A new survey about the stigma and discrimination experienced by people living with viral hepatitis shows that as many as half face some sort of discrimination because of their condition—from family members or friends, in the workplace or from health care providers, science20.com reports.
The online questionnaire—which included responses from 1,217 people living with the hepatitis B virus (HBV) or the hepatitis C virus (HCV) in Europe and the United States—is one of the first studies to look at the degree of discrimination faced by people who have disclosed their hepatitis status.
Of the 94 percent of people who told their families about their illness, one quarter said that relatives started to avoid physical contact with them afterward.
Among the 57 percent of respondents who disclosed to their romantic partner, 33 percent said it affected their relationship and 43 percent said that hepatitis impacted their sex life.
Of the nearly 74 percent of people who told their friends about having hep B or C, nearly half—46 percent—said they suffered discrimination from them. A quarter of respondents said that they were no longer invited to social events.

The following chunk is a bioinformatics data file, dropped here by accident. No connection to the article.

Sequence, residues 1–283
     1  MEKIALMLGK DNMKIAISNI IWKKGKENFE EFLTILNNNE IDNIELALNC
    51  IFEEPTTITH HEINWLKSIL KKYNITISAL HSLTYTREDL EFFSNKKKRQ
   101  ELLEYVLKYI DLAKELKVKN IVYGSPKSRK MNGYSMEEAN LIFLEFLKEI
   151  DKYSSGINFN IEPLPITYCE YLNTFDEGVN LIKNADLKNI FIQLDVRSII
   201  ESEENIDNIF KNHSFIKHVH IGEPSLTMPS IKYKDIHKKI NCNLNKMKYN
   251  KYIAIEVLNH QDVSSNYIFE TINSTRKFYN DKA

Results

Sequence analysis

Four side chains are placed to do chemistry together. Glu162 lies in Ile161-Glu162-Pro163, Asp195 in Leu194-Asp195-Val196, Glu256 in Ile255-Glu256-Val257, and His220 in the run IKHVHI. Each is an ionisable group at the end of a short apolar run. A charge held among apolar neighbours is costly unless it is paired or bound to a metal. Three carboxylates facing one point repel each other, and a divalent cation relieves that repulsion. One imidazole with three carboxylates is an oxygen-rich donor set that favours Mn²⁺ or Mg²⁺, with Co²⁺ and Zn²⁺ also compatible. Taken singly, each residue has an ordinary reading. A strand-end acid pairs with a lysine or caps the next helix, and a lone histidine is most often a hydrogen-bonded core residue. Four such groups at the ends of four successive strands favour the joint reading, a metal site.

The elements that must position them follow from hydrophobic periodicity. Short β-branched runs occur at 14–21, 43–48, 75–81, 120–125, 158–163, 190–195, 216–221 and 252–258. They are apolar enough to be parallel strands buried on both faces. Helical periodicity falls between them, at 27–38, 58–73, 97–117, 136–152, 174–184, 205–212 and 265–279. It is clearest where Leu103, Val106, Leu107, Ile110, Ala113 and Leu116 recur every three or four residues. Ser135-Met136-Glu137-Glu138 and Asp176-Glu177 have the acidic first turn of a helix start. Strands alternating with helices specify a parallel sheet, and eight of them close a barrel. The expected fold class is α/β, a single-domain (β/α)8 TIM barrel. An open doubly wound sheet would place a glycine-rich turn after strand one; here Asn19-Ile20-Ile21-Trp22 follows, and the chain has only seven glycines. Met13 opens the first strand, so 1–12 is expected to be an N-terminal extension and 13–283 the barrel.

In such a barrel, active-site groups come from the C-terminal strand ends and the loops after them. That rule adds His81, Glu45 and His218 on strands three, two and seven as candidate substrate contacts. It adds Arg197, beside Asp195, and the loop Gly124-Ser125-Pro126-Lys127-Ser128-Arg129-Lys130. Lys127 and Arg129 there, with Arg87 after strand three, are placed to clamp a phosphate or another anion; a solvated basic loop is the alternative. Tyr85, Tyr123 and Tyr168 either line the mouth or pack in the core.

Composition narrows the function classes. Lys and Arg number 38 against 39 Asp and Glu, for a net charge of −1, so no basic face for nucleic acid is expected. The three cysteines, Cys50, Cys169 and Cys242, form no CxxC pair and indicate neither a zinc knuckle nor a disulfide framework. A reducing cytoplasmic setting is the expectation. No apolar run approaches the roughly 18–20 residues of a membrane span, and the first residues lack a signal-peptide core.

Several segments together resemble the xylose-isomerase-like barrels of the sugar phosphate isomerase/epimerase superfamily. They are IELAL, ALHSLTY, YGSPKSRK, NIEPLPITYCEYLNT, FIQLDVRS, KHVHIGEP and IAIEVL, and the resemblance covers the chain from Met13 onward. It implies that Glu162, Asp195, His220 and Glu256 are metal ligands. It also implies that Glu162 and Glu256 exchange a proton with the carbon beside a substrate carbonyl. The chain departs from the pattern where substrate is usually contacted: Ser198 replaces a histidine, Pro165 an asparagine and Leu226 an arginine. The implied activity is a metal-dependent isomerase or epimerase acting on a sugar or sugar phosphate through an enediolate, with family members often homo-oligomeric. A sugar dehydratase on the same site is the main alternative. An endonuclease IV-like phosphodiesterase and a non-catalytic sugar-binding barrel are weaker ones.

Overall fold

In the workplace, out of the 46 percent of people living with viral hepatitis who disclosed to employers, 10 percent lost their jobs.
The survey also indicated that even though 70 percent of their health workers examined hepatitis patients properly, almost 25 percent of patients said their doctors tried to maintain “distance” from them in the exam room. Nearly 7 percent of people with viral hepatitis were outright denied care.
Self-stigma was also prevalent among survey respondents. More than 40 percent said they felt ashamed of their condition, and 56 percent said their self-image was affected after learning of their hepatitis status.
Researchers said most of the discrimination faced by people living with hepatitis was based on misunderstandings about transmission risk. To learn more about transmission risk, click here.